of food resources available in the environment. If animals are sampled
only during a specific season (i.e., during a short term occupation)
then they would be expected to have a dental wear signal with little
variation. On the other hand, a greater diversity of food is available
across different seasons. Therefore, if game animals are hunted
through various seasons during long occupation periods, then they
would be expected to have more variable dental wear. The application
of this technique to the Middle Paleolithic site of Arago Cave
(France), where various types of occupations occurred, supports this
hypothesis. When combined with multidisciplinary studies of
archaeological localities (seasonality in particular), this new
application of dental wear analysis presents valuable information
about hominid settlements and behavior. We contextualize our data with
results from lithic and zooarchaeological analyses from Arago. These
results reveal the presence of both high and low mobility groups of
Homo heidelbergensis throughout the sequence of the Arago Cave.


Keywords: Microwear; Mesowear; Zooarchaeology; Human behavior;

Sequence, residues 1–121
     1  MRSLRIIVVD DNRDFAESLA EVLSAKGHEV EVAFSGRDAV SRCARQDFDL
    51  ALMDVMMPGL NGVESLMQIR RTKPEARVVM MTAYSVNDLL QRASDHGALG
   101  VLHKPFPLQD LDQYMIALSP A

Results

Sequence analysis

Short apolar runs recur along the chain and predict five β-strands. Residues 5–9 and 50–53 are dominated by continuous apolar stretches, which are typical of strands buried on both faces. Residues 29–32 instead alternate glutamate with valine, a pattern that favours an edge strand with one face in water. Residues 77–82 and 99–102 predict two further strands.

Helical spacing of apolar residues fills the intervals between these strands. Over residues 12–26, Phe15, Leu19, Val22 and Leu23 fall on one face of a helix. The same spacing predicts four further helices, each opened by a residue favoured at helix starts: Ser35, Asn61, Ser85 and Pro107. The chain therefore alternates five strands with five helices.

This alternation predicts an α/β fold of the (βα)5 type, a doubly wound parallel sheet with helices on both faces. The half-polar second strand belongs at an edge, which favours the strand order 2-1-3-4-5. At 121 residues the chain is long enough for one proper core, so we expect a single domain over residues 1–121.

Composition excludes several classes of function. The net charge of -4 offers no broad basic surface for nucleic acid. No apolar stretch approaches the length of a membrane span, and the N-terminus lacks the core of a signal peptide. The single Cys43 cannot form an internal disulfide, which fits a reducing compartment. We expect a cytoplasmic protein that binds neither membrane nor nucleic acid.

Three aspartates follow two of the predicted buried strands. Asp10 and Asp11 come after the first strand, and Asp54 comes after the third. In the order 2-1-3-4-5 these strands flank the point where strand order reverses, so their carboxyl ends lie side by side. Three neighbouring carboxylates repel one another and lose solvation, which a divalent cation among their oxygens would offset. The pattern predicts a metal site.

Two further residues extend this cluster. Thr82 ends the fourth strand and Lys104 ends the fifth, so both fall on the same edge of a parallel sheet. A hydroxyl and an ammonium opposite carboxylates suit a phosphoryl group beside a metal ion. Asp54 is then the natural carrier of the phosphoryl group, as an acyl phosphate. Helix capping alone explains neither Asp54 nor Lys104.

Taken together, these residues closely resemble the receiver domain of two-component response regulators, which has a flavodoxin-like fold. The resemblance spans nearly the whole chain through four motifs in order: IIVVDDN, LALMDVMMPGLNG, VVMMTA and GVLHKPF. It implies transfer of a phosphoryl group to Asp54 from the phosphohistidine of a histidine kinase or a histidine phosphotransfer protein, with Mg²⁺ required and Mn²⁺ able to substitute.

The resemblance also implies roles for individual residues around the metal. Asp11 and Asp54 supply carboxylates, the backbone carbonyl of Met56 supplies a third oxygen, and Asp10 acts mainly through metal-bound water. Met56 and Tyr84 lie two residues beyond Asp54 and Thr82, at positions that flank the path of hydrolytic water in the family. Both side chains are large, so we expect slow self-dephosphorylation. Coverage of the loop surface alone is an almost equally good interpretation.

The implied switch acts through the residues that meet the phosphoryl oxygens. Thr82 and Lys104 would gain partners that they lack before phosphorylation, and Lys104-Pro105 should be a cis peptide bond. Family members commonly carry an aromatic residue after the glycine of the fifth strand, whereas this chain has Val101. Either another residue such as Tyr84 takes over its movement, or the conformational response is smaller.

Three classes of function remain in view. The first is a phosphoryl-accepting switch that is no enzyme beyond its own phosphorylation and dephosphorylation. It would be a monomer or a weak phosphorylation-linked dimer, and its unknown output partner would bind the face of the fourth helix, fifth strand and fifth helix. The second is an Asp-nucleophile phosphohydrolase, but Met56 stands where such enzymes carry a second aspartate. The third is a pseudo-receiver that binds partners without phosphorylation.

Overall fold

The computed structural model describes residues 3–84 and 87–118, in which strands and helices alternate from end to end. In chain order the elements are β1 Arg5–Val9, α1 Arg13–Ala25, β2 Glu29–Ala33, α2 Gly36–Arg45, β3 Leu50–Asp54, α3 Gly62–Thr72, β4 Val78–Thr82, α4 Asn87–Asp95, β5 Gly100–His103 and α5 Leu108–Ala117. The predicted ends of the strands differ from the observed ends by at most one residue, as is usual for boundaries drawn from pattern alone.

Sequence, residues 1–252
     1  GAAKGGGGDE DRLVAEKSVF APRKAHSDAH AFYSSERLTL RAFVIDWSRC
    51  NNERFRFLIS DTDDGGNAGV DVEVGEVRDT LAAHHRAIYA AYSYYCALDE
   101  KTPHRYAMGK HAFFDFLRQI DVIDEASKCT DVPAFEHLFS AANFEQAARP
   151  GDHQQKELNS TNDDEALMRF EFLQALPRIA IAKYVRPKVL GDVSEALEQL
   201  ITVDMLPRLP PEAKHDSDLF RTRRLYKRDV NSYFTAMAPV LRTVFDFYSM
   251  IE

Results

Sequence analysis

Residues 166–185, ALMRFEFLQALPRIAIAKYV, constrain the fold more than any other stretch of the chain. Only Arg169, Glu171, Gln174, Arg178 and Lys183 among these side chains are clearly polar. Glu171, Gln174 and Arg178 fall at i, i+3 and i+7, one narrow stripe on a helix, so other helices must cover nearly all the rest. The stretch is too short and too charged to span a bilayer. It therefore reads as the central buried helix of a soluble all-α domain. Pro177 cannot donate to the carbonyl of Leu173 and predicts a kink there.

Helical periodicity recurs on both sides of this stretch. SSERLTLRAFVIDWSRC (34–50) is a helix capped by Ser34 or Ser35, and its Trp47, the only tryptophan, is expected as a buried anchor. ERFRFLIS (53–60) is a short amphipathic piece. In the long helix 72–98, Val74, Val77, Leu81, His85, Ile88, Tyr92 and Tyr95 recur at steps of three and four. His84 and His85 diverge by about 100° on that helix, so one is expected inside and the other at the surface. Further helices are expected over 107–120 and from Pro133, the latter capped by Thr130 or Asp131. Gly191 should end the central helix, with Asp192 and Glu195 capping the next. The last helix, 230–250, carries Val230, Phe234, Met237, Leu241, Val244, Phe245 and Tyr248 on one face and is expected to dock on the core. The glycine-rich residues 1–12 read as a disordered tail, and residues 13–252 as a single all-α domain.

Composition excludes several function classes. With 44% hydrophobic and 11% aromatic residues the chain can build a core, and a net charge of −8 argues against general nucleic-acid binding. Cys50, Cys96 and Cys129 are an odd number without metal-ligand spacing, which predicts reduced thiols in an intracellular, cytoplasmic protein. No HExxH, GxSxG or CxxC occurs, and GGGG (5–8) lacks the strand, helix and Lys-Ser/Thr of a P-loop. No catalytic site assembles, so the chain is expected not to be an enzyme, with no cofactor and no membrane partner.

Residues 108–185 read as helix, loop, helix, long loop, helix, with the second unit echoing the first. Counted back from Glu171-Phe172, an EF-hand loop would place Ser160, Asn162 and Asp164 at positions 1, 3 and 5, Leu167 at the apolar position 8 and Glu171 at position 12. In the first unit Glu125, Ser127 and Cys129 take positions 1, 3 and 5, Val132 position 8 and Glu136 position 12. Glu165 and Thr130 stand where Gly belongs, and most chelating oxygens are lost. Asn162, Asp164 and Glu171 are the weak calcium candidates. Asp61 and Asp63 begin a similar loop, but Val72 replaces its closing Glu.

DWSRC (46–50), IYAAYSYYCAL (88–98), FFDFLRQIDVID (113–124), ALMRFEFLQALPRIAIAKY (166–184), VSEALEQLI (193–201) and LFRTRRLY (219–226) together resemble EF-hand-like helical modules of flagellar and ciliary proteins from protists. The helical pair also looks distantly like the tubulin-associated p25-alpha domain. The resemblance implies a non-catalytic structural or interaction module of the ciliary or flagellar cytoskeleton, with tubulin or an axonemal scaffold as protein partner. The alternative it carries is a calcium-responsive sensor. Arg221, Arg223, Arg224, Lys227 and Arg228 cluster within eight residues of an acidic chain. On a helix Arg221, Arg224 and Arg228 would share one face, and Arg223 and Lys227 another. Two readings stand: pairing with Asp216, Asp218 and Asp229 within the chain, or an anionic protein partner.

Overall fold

Settlement pattern; Variability
Article Outline


Introduction
Materials


The modern samples from the Kaminuriak population of free-ranging
caribou
The fossil samples from Arago Cave


Methods


Selection and molding process of the teeth
Dental mesowear
Dental microwear
Statistics


Results


Microwear variation in extant ungulates (testing Hypothesis 1)
Variability and climatic factors (testing Hypothesis 2)
Variability and duration of occupation (testing Hypothesis 3)


Discussion


Variation in modern ungulates (Hypothesis 1)
Variability and climatic factors (Hypothesis 2)
Variability and duration of occupation (Hypothesis 3)
Implications for hominid behavioral ecology at Arago Cave


Conclusion
Acknowledgements
References

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Tuesday, July 7, 2009

First Europeans were cannibals: archaeologists

First Europeans were cannibals: archaeologists
Posted Wed Jul 1, 2009 5:32pm AEST
Updated Wed Jul 1, 2009 5:31pm AEST

The remains of the "first Europeans" discovered at an archaeological site in northern Spain have revealed that the prehistoric men were cannibals, who particularly liked the flesh of children.

"We know that they practised cannibalism," said Jose Maria Bermudez de Castro, a co-director of the Atapuerca project, a UNESCO World Heritage Site.

A study of the remains revealed that they turned to cannibalism to feed themselves and not as part of a ritual, that they ate their rivals after killing them, mostly children and adolescents.

"It is the first well-documented case of cannibalism in the history of humanity, which does not mean that it is the oldest," he said.